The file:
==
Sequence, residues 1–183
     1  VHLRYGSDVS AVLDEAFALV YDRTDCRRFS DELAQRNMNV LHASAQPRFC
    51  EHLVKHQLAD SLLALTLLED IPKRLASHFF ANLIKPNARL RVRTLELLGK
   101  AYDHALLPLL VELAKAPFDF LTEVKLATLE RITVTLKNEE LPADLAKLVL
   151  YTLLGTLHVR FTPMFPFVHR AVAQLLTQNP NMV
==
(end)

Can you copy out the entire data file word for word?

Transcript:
Sequence, residues 1–183
     1  VHLRYGSDVS AVLDEAFALV YDRTDCRRFS DELAQRNMNV LHASAQPRFC
    51  EHLVKHQLAD SLLALTLLED IPKRLASHFF ANLIKPNARL RVRTLELLGK
   101  AYDHALLPLL VELAKAPFDF LTEVKLATLE RITVTLKNEE LPADLAKLVL
   151  YTLLGTLHVR FTPMFPFVHR AVAQLLTQNP NMV